Laura Marling

Laura Marling
Brooklyn Steel
May 20, 2017
Review and photos by David Chiu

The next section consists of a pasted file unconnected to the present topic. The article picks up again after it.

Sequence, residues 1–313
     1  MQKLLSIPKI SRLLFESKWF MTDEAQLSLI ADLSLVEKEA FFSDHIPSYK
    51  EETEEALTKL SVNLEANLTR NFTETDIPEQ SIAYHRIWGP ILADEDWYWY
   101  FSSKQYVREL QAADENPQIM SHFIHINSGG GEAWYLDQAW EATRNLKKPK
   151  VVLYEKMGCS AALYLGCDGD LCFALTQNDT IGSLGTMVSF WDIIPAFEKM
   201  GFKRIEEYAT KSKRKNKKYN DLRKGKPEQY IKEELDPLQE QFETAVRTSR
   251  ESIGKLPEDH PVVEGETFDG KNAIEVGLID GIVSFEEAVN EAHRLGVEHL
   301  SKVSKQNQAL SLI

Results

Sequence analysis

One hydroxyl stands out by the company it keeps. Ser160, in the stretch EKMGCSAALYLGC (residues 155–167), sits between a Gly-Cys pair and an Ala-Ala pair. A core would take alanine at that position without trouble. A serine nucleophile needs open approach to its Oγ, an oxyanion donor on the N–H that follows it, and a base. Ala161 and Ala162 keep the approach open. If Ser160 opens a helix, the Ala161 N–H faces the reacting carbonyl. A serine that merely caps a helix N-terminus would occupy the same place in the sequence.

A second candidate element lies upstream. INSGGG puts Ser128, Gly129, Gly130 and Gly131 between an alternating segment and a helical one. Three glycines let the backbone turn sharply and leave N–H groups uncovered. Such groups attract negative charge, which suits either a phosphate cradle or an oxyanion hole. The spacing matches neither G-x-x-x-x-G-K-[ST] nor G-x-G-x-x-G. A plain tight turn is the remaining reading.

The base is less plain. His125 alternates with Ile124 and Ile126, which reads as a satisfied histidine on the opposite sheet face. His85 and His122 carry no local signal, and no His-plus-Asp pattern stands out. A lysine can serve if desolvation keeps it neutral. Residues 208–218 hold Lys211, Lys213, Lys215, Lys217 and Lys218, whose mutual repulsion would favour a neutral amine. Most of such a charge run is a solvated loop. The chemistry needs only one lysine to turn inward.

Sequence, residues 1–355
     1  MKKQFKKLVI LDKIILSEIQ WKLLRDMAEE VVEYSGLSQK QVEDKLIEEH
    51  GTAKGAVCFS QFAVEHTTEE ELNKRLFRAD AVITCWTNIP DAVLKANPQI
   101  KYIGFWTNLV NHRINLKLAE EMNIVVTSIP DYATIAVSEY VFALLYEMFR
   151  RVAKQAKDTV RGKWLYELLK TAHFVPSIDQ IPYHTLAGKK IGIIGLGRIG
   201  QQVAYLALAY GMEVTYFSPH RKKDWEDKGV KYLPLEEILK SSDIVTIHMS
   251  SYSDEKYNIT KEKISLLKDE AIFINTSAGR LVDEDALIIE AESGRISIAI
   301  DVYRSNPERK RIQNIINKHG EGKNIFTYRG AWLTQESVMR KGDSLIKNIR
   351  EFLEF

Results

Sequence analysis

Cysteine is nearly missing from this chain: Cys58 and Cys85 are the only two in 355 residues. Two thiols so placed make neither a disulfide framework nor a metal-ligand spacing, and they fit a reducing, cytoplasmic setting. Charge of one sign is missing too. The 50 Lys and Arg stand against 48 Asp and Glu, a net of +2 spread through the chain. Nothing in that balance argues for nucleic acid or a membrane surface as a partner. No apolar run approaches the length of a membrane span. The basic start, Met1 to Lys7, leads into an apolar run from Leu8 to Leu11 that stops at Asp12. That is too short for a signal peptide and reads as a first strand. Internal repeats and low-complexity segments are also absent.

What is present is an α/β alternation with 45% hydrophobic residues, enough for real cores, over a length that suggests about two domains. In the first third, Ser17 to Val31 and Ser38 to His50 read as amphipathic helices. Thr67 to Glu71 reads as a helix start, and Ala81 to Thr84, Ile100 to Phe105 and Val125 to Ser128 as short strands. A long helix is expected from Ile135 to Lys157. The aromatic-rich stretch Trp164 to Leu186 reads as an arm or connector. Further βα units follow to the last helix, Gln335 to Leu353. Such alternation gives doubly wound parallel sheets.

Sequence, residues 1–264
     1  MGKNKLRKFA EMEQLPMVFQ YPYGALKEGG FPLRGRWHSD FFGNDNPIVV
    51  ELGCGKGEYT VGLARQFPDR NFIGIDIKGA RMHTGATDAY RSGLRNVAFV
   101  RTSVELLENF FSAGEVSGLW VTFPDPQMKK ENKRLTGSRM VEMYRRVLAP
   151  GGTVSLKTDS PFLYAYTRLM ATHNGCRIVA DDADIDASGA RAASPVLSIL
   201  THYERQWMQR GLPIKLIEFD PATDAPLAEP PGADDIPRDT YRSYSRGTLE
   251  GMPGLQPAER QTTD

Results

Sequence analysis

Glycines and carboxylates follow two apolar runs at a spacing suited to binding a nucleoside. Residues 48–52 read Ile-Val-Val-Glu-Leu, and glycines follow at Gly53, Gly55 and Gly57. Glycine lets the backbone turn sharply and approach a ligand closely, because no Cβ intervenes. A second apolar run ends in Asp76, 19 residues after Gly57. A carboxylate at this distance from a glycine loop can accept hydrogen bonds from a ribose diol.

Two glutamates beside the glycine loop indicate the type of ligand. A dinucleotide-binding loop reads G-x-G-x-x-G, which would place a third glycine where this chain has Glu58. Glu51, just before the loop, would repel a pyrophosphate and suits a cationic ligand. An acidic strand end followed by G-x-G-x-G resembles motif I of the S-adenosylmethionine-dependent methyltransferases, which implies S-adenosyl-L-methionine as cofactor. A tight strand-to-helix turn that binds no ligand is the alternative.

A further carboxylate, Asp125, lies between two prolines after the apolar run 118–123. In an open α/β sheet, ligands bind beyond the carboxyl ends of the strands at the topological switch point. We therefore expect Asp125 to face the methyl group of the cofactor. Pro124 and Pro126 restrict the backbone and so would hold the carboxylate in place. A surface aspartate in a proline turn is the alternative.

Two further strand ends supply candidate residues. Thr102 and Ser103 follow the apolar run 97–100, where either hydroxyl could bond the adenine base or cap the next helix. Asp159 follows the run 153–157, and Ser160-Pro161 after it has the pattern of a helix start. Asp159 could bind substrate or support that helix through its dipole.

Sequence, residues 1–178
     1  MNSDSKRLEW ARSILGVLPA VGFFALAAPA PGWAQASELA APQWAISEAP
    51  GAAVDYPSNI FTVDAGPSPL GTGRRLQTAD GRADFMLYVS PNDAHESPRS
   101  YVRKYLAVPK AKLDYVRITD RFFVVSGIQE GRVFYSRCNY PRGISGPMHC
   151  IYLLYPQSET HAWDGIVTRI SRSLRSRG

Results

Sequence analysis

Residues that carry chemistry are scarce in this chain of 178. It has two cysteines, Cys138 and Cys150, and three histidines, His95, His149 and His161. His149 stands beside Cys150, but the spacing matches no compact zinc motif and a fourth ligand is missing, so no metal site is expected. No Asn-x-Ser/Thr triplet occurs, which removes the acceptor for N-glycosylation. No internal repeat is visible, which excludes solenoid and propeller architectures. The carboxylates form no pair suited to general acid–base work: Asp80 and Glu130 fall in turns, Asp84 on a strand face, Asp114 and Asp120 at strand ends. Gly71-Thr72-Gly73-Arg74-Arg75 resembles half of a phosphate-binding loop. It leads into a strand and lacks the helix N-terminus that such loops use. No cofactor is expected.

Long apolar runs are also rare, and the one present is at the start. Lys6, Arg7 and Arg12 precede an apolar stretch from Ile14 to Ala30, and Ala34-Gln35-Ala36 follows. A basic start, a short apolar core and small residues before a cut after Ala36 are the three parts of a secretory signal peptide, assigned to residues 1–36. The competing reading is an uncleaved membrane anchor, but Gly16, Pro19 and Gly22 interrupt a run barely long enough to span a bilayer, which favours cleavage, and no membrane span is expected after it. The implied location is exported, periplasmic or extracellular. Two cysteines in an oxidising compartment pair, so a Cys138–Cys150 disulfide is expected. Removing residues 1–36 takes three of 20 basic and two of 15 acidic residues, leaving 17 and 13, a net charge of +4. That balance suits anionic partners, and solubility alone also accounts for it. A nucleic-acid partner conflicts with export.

It kind of speaks volumes that an artist who performs intimate and subdued folk music can draw a sold-out crowd inside a very cavernous airplane-hangar-like venue. That was certainly the case of British folk artist Laura Marling this past Saturday when she headlined the newly-opened Brooklyn Steel in East Williamsburg. The show was entirely packed, to the point where it was hard to move within the crowd or to get to the doors. Even if the large size of the venue (akin to Terminal 5) would’ve easily dwarfed Marling’s music–which ideally would seem more suited in a smaller theater–it didn’t appear that way as she and her five-piece band delivered 90 minutes’ worth of the most moving and uplifting music you’ll hear today. Marling performed songs mostly off of her latest and exquisite album Semper Femina and kicked the show off with the record’s opening track, the jazzy “Soothing,” followed by other wonderful songs from the record such as “Wild Fire,” “Don’t Pass Me By,” “Always This Way,” “Wild Once,” “Nothing Not Nearly,” and “The Valley.” The newer materials complemented older songs including “Rambling Man,” “Sophia,” “Once” and “How Can I”; and Marling also performed a lovely cover of Townes Van Zandt’s “For the Sake of the Song.” It’s so easy for one to forget being inside a large venue or surrounded by so many people because Marling’s lovely voice—full of both grace and confidence–has this hypnotic effect that a brief moment transcends time and place and setting; the same thing applies to her fingerpicking playing on the guitar. Amid the sometimes somber and melancholy air evoked by the music, there was a moment of levity: with Marling not so much keen on delivering onstage banter with the audience, her bandmates chimed in, delivering various random facts (James Comey, getting hit it on, or the female scientist who played a role in the discovery of DNA). To put the night in a nutshell, you can have Marling headline Madison Square Garden, and she would still be able to fill up the place—that’s how resonant her music is.



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